Michael Tomasky: Who Is John McCain?

Roundup: Media's Take

It is little remembered today that the political career of John Sidney McCain III, a career now thoroughly laundered in mythology, began with the help of several fortuities. In 1973 he returned from his five and a half years of captivity in North Vietnam to Washington, or technically Arlington, Virginia, which had been his childhood home for more years than any other single place as he followed his father, a celebrated four-star admiral, on the elder McCain's naval assignments. He was one of 591 prisoners of war repatriated early that year as a result of Operation Homecoming, and was selected by the editors of US News & World Report as the one returning POW who would be given a thirteen-page spread in the magazine to describe his ordeal (having a famous father never hurts), which brought him the same kind of attention and acclaim that had earlier, for different purposes, been showered upon the young Hillary Diane Rodham and the young John Forbes Kerry.

By 1977 he held the post of naval liaison to Congress, his father's old position, and shortly thereafter attained the rank of captain. It was on Capitol Hill that he met and befriended important senators—Gary Hart of Colorado, William Cohen of Maine, and most of all John Tower of Texas, the buddy to whom he was closest during a period of his life that included its share of carousing and irreparably strained his marriage to his first wife, Carol. When asked to explain the dissolution of their marriage in the late 1970s, she said, "I attribute it more to John turning forty and wanting to be twenty-five again than I do to anything else."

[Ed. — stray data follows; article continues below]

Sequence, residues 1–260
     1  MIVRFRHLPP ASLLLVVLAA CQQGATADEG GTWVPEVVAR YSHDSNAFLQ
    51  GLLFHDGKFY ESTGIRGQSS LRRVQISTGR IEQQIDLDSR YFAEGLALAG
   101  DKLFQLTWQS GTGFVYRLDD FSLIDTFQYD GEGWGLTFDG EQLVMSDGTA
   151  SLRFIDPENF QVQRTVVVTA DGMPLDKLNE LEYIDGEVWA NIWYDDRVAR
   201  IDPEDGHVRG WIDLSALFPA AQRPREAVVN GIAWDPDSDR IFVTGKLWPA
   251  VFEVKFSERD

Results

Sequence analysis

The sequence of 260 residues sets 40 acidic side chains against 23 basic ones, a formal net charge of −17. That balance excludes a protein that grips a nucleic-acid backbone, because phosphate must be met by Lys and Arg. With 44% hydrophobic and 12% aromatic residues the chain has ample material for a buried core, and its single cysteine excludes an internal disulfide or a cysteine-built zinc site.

But here was the first piece of luck, for his split from Carol enabled him to romance Cindy Hensley, an Arizonan seventeen years his junior whom he had met while vacationing in Honolulu in 1979 (he was separated) and with whom he was in love, he has written, by the end of their first evening together.

They married in May 1980, and from this union tumbled other fortuities. That she lived in Arizona meant that McCain would be moving to a state—with which he'd had even less association than Hillary Clinton had had with New York in 1999—whose growing population would gain it an extra congressional seat after the 1980 census, a circumstance on which his eye was keenly fixed. Her background—her father, Jim, ran the country's largest Anheuser-Busch distributorship—meant he would have the money and connections to launch the political career he had been coveting since he started meeting those famous pols. McCain hardly knew a soul in Arizona, but already he was telling friends in 1981 that he would swoop into the new seat in 1982 and then succeed Barry Goldwater in the Senate when Goldwater retired.

Then, one piece of bad luck: the new district would be cut in Tucson, not Phoenix. But this was soon followed by the greatest fortuity of all. John Rhodes, the Phoenix Republican who was the House minority leader, unexpectedly announced his retirement. The McCains lived just outside the Rhodes district, but Cindy's money ensured that they were able to buy a house in it and move in immediately. ...
Read entire article at NY Review of Books